Oireachtas Joint and Select Committees

Tuesday, 12 February 2019

Joint Oireachtas Committee on Education and Skills

Statement of Strategy 2019-2021: Discussion

Photo of Kathleen FunchionKathleen Funchion (Carlow-Kilkenny, Sinn Fein) | Oireachtas source

I will have to leave as soon as I ask my questions. I am not being rude. I will look back over the Minister's answers. I would like to raise a few points rather than ask questions. In his opening statement the Minister asked what strategic direction he wanted the education and training sector to travel in over the next three years. There are some basic things we need to tackle. One is access to education. I refer to two problems with access. One relates to children with additional needs who are still struggling to get spaces in schools or in autism spectrum disorder, ASD, classes. The other relates to the many rural areas in which there are still issues around school transport. We have debated school transport in this committee on a number of occasions and have had a number of questions back and forth, but it is still an issue for many people. It comes down to the nearest school rule. That is a bit of an archaic system. Transport and the lack of special classes are still serious issues.

I am looking at the goals of the action plan. Goal 1 is to "improve the learning experience and the success of learners" and goal 2 is to "improve the progress of learners at risk of educational disadvantage or learners with special educational needs". If we want to achieve these goals we have to ensure that the correct supports are in place. I know there has been a lot of work done on increasing the number of ASD classes and special needs assistants, but there is still an issue, particularly at second level. I put this to the Minister in our last round of questions. In some counties we only have one or two options for people at second level. That will not cater for the need, particularly over the next few years as more people come out of ASD classes at primary level. The spaces are not there at second level. They are some of the basic things we need to tackle if we want to give everybody equal access to education and equal opportunities.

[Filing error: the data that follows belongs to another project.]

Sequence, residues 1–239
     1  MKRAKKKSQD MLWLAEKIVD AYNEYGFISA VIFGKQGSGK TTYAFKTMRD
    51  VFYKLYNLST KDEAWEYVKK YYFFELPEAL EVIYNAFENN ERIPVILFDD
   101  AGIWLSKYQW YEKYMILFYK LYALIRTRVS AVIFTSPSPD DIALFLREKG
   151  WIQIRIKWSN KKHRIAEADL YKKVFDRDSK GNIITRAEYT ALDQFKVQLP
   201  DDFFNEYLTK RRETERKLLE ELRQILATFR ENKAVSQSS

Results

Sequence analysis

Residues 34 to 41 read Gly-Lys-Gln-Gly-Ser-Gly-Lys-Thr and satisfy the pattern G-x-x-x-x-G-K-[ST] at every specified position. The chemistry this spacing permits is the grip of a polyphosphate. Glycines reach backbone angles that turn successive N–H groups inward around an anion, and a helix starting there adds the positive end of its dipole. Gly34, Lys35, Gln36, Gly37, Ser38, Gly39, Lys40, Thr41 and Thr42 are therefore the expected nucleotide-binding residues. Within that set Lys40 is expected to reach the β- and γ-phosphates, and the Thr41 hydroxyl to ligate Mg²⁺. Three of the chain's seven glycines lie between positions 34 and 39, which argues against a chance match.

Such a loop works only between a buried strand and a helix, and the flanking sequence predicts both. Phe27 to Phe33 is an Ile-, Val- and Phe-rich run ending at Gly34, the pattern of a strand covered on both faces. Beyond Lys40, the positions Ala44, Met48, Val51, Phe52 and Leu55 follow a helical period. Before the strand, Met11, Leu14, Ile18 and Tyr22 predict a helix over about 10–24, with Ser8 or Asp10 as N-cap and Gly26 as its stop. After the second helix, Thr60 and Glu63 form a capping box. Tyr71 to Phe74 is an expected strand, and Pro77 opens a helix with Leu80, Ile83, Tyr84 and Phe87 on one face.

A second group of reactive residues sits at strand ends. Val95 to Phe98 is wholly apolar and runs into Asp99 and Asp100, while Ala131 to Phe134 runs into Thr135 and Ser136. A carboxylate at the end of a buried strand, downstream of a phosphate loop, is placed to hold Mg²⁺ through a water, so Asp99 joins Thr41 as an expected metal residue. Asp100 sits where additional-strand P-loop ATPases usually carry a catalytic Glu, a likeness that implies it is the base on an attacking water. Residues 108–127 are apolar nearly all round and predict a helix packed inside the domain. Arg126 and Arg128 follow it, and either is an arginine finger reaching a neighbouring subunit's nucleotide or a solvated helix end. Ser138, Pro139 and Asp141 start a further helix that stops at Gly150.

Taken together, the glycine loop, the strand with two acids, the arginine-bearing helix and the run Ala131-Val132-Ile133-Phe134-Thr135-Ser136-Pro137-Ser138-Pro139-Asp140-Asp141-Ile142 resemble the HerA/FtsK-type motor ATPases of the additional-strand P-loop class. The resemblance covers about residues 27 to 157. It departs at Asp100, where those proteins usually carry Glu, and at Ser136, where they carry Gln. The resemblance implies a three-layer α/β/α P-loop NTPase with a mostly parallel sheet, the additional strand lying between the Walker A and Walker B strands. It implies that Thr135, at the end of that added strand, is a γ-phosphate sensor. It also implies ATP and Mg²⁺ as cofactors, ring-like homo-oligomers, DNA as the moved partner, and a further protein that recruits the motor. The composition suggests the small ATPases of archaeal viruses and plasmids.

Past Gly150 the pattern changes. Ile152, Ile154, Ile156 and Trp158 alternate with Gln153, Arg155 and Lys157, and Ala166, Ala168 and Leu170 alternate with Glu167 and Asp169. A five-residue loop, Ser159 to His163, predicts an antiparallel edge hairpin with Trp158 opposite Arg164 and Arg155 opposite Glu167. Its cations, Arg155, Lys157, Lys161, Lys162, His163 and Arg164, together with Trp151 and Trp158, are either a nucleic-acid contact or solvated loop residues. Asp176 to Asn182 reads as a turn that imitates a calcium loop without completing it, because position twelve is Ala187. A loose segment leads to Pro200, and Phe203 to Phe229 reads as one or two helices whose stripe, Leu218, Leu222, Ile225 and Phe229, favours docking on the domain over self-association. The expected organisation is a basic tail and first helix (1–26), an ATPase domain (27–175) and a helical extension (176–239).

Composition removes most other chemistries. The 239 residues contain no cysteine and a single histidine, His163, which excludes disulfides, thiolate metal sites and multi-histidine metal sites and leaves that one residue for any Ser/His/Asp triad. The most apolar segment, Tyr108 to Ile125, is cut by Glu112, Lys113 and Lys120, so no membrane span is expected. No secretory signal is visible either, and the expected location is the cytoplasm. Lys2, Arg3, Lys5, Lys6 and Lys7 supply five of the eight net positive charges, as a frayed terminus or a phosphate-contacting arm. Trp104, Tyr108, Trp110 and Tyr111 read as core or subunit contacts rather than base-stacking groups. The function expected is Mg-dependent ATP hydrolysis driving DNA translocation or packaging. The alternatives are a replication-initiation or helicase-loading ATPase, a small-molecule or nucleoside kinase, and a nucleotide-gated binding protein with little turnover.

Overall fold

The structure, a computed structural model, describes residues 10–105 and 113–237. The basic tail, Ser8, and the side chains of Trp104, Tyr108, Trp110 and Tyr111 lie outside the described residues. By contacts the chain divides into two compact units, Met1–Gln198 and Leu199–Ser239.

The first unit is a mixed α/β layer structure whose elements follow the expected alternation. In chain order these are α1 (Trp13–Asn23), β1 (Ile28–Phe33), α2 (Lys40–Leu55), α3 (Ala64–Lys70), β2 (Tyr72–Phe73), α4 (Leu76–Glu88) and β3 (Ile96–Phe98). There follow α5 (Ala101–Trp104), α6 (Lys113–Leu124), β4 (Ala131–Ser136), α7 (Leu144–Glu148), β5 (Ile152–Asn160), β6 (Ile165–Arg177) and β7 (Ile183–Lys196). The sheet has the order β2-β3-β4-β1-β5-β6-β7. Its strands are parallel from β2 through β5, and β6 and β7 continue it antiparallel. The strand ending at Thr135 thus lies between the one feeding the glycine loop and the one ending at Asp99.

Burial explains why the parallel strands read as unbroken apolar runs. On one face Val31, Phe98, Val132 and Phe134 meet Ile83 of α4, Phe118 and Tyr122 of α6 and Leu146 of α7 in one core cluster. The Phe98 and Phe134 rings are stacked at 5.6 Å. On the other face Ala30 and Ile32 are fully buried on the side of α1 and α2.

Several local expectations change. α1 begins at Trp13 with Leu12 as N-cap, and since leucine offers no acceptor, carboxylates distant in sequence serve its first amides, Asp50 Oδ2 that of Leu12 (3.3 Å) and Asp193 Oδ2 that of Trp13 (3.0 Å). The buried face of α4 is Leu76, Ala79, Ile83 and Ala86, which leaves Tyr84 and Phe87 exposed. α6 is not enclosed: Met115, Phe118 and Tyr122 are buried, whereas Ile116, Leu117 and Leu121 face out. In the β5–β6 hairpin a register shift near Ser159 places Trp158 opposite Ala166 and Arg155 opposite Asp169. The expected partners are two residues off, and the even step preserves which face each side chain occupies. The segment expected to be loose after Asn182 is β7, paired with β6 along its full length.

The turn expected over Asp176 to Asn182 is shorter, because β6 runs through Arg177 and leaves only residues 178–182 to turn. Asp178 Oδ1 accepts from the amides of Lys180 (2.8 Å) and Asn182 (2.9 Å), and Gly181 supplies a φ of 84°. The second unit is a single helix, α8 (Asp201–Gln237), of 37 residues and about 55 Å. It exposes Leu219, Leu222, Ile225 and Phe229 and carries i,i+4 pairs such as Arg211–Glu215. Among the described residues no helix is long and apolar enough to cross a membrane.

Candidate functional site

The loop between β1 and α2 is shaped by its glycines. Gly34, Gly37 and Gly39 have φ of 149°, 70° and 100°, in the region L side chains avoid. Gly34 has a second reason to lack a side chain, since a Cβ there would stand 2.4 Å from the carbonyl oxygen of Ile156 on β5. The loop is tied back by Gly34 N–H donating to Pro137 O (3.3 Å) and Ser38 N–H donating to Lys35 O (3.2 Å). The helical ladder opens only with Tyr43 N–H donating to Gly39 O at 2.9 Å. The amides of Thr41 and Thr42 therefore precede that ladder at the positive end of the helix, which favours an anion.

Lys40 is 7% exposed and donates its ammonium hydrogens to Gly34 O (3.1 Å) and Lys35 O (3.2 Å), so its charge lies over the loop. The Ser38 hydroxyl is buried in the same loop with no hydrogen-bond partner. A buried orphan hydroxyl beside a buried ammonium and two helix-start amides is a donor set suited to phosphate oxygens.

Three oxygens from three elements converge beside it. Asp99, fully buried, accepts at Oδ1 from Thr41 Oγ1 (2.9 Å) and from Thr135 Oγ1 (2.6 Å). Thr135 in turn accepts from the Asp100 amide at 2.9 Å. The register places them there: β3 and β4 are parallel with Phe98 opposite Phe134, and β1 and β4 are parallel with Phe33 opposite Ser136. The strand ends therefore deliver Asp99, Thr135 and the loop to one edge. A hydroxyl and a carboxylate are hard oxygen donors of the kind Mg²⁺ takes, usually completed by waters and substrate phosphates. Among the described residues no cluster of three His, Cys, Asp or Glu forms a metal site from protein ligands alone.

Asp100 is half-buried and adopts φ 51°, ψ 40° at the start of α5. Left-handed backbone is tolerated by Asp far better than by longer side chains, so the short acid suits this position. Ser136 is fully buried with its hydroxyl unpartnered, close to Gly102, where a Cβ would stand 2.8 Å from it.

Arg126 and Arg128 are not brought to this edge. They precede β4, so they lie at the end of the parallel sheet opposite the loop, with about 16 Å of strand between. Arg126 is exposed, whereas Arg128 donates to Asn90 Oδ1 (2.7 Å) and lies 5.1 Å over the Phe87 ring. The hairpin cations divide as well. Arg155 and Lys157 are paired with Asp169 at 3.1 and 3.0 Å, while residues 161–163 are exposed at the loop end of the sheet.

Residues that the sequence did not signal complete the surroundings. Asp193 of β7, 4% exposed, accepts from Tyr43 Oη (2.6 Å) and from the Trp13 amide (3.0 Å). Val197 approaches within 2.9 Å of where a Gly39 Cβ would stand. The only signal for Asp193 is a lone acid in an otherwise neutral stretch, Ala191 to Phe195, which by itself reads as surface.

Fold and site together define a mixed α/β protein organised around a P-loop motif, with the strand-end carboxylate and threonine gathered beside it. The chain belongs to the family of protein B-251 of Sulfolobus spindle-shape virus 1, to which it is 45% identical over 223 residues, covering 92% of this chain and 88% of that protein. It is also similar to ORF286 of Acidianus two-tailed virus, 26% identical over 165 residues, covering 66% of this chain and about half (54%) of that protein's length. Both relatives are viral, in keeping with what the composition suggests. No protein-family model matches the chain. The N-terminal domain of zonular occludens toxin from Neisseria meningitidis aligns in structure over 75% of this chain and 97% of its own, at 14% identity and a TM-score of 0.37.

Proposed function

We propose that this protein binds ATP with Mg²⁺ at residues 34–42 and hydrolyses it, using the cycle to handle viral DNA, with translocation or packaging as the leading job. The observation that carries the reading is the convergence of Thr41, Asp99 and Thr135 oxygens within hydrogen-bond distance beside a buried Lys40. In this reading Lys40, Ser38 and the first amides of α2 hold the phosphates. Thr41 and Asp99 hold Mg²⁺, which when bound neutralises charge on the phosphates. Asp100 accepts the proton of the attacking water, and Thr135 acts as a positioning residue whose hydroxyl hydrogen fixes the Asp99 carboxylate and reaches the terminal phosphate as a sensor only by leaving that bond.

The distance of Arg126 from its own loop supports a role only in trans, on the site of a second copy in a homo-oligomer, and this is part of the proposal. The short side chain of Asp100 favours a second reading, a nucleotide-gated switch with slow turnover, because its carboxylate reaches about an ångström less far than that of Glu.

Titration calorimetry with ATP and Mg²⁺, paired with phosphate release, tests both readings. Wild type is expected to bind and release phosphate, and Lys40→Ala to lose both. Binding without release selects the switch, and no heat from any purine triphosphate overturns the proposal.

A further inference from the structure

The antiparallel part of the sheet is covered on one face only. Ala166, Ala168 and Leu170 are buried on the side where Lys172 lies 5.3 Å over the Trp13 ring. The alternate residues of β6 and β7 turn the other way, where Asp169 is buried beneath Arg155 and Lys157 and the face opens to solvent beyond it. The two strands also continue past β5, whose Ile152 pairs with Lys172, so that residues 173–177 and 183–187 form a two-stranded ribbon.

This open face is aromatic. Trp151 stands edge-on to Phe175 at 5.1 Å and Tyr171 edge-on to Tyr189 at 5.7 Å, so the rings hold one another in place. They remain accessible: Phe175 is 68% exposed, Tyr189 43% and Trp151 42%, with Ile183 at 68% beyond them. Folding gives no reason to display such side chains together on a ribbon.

Another issue is the quality of some of the buildings. A number of months ago some people were presenting before the committee. This is not just about prefabs, some of the schools are on waiting lists for new buildings. The conditions in which some people are teaching are not good learning environments for students. They are not good environments for teachers either. They are some of the things we need to get right.

My last point is similar to one made by Deputy Naughton. I agree with a lot of what she said about empathy. She made some very interesting points in that regard. The Minister knows that I am always going on about mindfulness, mental health, and mental well-being in schools. If we are trying to decide on our strategy for the coming years we should not only focus on the academic aspects but let students know, from a very young age, that minding one's mental health and well-being is just as important as doing well academically. That links into empathy and many other aspects of well-being. We really should be rolling out mindfulness in all of our schools. It does not have major cost implications. It is something very basic which could be done. The younger students are when things like this are tackled the greater the chance will be of success and of students adopting mindfulness in their everyday lives. They are my main points.


No comments

Log in or join to post a public comment.